What Is an IR Thermal Camera?

Paul Reed

Humans see light that includes a range of colors from red to violet, or purple, with each color equivalent to a wavelength or frequency of light. There are wavelengths that human eyes cannot see, including long wavelengths below red called infrared (IR), and short wavelengths above violet called ultraviolet (UV). Cameras have been developed to detect these different frequencies, and create viewable images. Infrared light can be viewed with an IR thermal camera, which detects infrared heat from objects.

IR systems show differences in cloud heights based on their temperatures, which can show the intensity of incoming storms.
IR systems show differences in cloud heights based on their temperatures, which can show the intensity of incoming storms.

Warm objects create heat that radiates, or sends out, infrared frequencies in all directions. An IR thermal camera can collect these frequencies and convert them to images that show a black-and-white or what is called a false-color image. False-color uses software to show different colors for levels of heat radiated from objects. Thermal cameras are widely used for energy surveys of buildings, where an IR camera shows the heat image of a building exterior that can detect leaking doors and windows, or areas of poor insulation.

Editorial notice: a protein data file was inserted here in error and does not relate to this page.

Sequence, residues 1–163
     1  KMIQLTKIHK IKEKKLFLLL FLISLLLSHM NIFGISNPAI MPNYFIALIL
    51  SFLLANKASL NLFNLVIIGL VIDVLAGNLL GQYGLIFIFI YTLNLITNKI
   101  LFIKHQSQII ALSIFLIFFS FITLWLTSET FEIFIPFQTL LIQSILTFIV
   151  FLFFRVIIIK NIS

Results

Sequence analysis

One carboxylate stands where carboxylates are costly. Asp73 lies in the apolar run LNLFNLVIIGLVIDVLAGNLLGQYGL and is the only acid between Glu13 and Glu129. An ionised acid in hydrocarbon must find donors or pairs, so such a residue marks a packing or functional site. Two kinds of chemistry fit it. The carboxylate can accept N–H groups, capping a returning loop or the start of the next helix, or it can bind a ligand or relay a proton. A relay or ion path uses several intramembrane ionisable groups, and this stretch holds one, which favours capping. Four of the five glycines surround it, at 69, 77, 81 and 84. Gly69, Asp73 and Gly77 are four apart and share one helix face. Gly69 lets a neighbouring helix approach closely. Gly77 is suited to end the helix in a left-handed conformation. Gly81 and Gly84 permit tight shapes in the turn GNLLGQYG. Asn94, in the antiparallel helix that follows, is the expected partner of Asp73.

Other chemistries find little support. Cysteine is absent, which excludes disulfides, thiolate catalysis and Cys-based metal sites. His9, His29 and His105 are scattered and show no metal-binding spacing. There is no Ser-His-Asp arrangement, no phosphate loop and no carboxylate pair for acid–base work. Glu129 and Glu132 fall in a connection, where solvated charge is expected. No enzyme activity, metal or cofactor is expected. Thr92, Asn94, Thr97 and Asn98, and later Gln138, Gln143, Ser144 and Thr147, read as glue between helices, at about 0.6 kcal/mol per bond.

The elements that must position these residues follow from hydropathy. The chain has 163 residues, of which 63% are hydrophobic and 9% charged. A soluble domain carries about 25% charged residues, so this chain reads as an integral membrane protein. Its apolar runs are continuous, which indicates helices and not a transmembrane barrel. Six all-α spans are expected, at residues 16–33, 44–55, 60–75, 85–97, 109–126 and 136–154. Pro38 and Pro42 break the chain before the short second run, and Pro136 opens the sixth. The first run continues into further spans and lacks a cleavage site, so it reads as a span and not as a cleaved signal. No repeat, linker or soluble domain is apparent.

People and animals also radiate infrared heat, which can be used for motion detecting equipment. Security systems can use infrared cameras that sense IR and send an alarm when movement is detected. Motion security systems can use IR thermal camera technology that can show video images of buildings or property at night. Some of these systems are passive, and only detect the IR energy sent out by objects. Many systems are active and use IR light-emitting diodes (LEDs) to send IR energy out that is reflected from objects and picked up by the cameras.

IR thermal camera technology is often used in space satellites to detect weather systems. The satellites, orbiting hundreds of miles or kilometers above the earth, detect light and heat radiation from weather patterns and storms and transmit the images to antennas on the ground. Weather companies can process false-color images of the weather using both visible and invisible light. IR systems are very good at showing differences in cloud heights from their temperatures, which can show the intensity of storms even at night.

Digital camera technology can detect IR energy directly, but camera film can also be used to take infrared pictures. The film contains an emulsion, or chemical layer, that is sensitive to the infrared frequencies. Infrared photography can be used for very low light conditions, or for special effects using light not normally visible to humans.

In the late 20th century, automotive designers began to include active IR thermal camera technology in cars and trucks for improved night vision. The systems send an IR frequency out from the front of the vehicle, and an IR camera collects any reflected energy in addition to any IR from people, animals or other vehicles. A heads-up display can show the image on a screen directly in the driver's field of view, which is a technology adapted from military aircraft displays.

IR thermal imaging is also used by the military and law enforcement for night vision. Cameras can be installed on aircraft in rotating pods and pointed in different directions by a pilot or crew member. Hand-held infrared cameras can help personnel on the ground by detecting IR heat sources for search and rescue or military missions.

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